Thursday, January 04, 2007

Former Los Angeles Archdiocese priest to appear in court

Hearing scheduled today for Michael Baker comes amid speculation over the direction of the L.A. abuse investigation.

The Los Angeles Times reported today that:

Less than two weeks after Cardinal Roger M. Mahony announced a landmark deal to settle lawsuits brought by 45 people who said they were molested by Catholic priests, the focus of the Southern California clergy sex scandal moves back to the criminal courts.

Former priest Michael Stephen Baker is due in court today for a hearing; he has been charged with molesting a boy after he had confessed to the cardinal that he was an abuser. He pleaded not guilty at an arraignment earlier this year.

Baker, whose case Mahony has said "troubles me the most," is one of the most reviled ex-priests in a scandal that has implicated dozens of clergy in the Los Angeles Archdiocese, generated 562 claims of abuse and touched three out of every four parishes in the largest Roman Catholic archdiocese in the nation.

Mahony has acknowledged leaving 16 priests in the ministry after parishioners complained about inappropriate behavior with children. Baker is one of five who went on to molest.

Baker's association with Mahony plus his return to court have fueled speculation about where the criminal investigation might be headed.

Los Angeles County Dist. Atty. Steve Cooley accused the archdiocese of "a pattern of obstruction" when his office and the church fought over whether the archdiocese officials had to turn over documents to prosecutors.

The case went all the way to the U.S. Supreme Court before Mahony, who maintained he could not turn over the priests' files to a county grand jury without their consent, lost his bid in April.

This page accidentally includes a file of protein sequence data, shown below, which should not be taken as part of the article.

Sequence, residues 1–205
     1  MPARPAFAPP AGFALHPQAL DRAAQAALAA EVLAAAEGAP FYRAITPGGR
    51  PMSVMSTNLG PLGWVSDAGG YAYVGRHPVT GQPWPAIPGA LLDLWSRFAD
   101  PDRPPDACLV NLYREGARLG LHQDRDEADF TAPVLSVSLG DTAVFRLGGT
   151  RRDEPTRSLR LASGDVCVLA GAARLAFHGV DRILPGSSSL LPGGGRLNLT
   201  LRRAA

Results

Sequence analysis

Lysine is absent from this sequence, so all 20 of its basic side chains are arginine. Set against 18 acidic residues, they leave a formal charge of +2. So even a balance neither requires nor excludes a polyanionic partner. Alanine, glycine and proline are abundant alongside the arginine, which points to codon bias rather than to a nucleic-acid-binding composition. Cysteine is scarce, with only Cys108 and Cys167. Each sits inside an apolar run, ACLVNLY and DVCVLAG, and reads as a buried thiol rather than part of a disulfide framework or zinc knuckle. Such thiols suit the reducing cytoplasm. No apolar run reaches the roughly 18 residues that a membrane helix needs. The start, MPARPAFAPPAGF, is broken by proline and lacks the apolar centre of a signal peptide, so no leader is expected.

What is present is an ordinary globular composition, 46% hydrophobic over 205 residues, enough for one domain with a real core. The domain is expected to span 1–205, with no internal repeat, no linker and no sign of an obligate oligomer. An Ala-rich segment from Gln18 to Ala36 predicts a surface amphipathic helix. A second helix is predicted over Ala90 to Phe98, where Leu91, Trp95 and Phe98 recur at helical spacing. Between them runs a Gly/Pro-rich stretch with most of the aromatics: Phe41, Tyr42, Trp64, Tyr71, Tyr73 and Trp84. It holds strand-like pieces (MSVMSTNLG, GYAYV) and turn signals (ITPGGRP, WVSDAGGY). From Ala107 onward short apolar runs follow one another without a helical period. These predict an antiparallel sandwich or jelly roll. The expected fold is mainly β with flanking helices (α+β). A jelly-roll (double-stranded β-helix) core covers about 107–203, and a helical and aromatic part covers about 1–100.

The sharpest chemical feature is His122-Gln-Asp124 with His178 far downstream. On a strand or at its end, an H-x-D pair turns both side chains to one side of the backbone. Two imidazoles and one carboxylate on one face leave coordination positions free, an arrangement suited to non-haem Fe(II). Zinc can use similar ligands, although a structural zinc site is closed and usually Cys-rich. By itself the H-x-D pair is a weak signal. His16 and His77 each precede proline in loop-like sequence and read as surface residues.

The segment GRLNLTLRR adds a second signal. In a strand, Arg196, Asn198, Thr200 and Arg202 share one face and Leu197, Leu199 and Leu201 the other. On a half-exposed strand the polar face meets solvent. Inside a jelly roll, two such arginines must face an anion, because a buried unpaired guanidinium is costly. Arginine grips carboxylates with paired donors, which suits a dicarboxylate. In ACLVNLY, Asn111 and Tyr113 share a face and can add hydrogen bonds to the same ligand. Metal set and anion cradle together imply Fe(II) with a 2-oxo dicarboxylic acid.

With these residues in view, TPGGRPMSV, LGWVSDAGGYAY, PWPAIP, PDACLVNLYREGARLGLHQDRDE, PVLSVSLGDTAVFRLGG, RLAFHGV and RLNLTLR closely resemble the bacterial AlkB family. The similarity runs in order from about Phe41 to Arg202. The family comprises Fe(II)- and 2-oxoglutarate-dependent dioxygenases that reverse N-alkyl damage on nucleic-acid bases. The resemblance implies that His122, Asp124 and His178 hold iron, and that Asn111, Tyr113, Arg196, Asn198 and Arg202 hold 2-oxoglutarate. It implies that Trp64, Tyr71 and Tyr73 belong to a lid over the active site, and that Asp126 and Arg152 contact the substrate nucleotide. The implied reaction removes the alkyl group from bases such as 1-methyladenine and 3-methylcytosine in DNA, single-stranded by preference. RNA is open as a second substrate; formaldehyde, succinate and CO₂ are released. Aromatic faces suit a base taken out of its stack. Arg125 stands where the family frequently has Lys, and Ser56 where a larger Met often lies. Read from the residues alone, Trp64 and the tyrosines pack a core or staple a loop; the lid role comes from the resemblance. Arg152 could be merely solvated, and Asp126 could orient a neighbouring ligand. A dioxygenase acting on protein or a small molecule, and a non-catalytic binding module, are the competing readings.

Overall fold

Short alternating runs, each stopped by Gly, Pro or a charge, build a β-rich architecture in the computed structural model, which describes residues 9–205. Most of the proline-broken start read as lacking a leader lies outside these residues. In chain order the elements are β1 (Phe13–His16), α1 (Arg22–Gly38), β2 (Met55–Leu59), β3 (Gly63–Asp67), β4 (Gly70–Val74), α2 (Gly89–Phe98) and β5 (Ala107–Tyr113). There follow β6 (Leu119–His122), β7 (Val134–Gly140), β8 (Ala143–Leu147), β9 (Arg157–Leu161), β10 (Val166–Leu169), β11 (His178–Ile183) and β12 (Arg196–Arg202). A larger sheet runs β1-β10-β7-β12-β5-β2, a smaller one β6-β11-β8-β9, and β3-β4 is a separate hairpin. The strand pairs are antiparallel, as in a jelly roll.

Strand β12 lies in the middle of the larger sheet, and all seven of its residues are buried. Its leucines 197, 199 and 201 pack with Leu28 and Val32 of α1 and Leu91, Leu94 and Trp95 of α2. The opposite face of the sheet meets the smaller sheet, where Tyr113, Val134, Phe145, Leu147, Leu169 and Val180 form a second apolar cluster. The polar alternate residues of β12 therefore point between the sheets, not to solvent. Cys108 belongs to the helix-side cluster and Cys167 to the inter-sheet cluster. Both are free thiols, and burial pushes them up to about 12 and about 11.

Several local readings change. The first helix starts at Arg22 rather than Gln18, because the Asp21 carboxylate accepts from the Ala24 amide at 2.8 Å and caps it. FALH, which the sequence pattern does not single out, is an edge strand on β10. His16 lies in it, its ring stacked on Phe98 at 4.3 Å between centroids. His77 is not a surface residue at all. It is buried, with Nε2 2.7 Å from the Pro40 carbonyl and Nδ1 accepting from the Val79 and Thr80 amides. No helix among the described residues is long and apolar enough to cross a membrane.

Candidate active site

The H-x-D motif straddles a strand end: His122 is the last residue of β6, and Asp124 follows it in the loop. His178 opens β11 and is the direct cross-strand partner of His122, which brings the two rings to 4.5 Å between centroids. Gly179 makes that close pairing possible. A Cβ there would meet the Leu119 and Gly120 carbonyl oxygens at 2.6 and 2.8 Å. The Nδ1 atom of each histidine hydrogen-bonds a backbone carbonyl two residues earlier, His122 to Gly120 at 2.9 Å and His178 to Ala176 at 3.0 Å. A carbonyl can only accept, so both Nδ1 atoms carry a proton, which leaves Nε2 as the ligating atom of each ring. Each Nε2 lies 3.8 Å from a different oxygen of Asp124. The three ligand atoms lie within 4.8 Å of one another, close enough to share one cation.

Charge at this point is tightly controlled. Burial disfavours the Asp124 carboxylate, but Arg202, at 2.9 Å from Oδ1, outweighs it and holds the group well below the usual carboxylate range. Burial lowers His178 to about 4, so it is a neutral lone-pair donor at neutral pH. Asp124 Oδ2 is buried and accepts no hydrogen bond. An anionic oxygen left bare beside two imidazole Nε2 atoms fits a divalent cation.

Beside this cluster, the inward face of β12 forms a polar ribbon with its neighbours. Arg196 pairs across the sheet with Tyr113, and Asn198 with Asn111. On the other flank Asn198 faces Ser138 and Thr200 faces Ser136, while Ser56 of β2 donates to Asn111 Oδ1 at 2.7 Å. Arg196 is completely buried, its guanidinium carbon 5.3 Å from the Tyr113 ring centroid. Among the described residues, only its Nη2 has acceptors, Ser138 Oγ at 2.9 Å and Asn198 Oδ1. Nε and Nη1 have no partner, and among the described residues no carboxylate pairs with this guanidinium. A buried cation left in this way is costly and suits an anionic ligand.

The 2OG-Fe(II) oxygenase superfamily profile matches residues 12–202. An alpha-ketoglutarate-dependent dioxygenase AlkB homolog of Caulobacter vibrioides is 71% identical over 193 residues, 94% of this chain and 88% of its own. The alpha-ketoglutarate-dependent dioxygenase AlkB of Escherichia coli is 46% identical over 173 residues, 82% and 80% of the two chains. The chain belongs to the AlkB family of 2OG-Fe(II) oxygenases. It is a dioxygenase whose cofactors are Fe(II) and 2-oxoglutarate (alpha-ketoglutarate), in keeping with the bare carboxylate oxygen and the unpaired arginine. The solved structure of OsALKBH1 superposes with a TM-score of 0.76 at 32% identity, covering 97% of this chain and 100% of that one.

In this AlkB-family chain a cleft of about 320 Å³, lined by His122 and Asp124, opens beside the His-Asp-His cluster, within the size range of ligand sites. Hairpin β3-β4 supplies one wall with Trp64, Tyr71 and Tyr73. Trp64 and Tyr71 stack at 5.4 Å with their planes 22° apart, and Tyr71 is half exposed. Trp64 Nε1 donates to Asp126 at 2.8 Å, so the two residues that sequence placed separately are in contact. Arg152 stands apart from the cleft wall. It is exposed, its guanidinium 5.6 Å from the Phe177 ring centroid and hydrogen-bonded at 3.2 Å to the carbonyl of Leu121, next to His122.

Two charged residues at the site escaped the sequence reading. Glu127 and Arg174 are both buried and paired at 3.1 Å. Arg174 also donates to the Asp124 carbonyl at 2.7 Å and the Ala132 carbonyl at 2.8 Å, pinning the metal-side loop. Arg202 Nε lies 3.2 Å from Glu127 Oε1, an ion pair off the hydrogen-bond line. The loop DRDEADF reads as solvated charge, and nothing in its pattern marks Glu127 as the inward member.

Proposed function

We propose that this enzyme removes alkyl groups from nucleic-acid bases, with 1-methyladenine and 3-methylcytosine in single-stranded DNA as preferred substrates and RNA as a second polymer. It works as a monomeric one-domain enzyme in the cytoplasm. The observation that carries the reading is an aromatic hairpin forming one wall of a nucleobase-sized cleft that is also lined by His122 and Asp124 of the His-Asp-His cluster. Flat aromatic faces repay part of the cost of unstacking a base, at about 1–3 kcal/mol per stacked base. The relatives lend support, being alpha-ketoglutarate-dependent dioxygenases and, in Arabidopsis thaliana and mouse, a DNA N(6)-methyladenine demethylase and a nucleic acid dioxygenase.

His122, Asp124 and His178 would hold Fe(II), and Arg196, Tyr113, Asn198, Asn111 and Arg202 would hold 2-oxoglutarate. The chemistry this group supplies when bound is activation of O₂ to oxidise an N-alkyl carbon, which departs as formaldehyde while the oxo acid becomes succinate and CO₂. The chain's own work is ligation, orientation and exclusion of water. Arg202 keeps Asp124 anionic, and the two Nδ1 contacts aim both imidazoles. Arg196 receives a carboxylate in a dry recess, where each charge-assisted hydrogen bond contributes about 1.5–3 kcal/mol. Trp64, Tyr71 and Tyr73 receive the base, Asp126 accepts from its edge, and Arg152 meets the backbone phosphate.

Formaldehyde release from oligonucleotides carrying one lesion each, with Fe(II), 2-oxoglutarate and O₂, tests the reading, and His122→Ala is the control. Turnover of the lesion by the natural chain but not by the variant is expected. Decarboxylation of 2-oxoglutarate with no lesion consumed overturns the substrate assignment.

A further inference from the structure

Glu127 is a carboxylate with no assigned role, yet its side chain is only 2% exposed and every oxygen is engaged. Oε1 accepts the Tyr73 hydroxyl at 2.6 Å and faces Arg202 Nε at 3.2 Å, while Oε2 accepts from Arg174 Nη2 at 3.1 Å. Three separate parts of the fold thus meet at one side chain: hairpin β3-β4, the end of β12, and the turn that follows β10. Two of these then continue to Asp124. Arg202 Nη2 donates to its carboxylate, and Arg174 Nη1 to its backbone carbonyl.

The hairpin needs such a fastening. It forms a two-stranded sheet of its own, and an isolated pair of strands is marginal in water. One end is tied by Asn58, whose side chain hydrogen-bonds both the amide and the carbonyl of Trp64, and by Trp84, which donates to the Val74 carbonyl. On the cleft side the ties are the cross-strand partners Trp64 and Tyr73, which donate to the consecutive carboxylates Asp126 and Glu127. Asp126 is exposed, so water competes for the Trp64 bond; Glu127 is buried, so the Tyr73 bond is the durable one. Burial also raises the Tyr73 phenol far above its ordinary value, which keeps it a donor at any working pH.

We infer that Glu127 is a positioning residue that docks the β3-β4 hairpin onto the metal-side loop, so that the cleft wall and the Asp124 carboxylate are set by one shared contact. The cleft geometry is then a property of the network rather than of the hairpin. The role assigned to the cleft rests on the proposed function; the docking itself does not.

The district attorney's office, which has had the files on Baker and another priest since then, declined to comment. Across the country, despite five years of investigations that have resulted in scores of priests being charged with molestation, no high church officials have been charged.

Grand juries have issued stinging reports in Pennsylvania, Massachusetts, New Hampshire and Arizona, accusing high-level clergy of actively covering up sexual misconduct. In two of those cases, prosecutors said they declined to bring criminal charges when the local church agreed to compensate victims and submit to oversight of church functions by law enforcement.

In Cincinnati, officials did not charge any individuals, but the church pleaded no contest to the misdemeanor of failing to report sexually abusive priests. The case was settled without a trial, and remains the only instance in which an abuse investigation reached farther than individual molesters.

In Los Angeles, some victims and their advocates would like to see church officials held accountable.

"No one who is familiar with the facts really believes that Cardinal Roger Mahony is innocent," said John Manley, an attorney for several people who said they were abused by priests. "The question is, does the D.A.'s office have the moral courage to … do the right thing if the evidence leads him there?"

Church officials, on the other hand, say there is no basis for such prosecutions to even be considered.

The complete story may be found here:,0,6205222.story?coll=la-headlines-california


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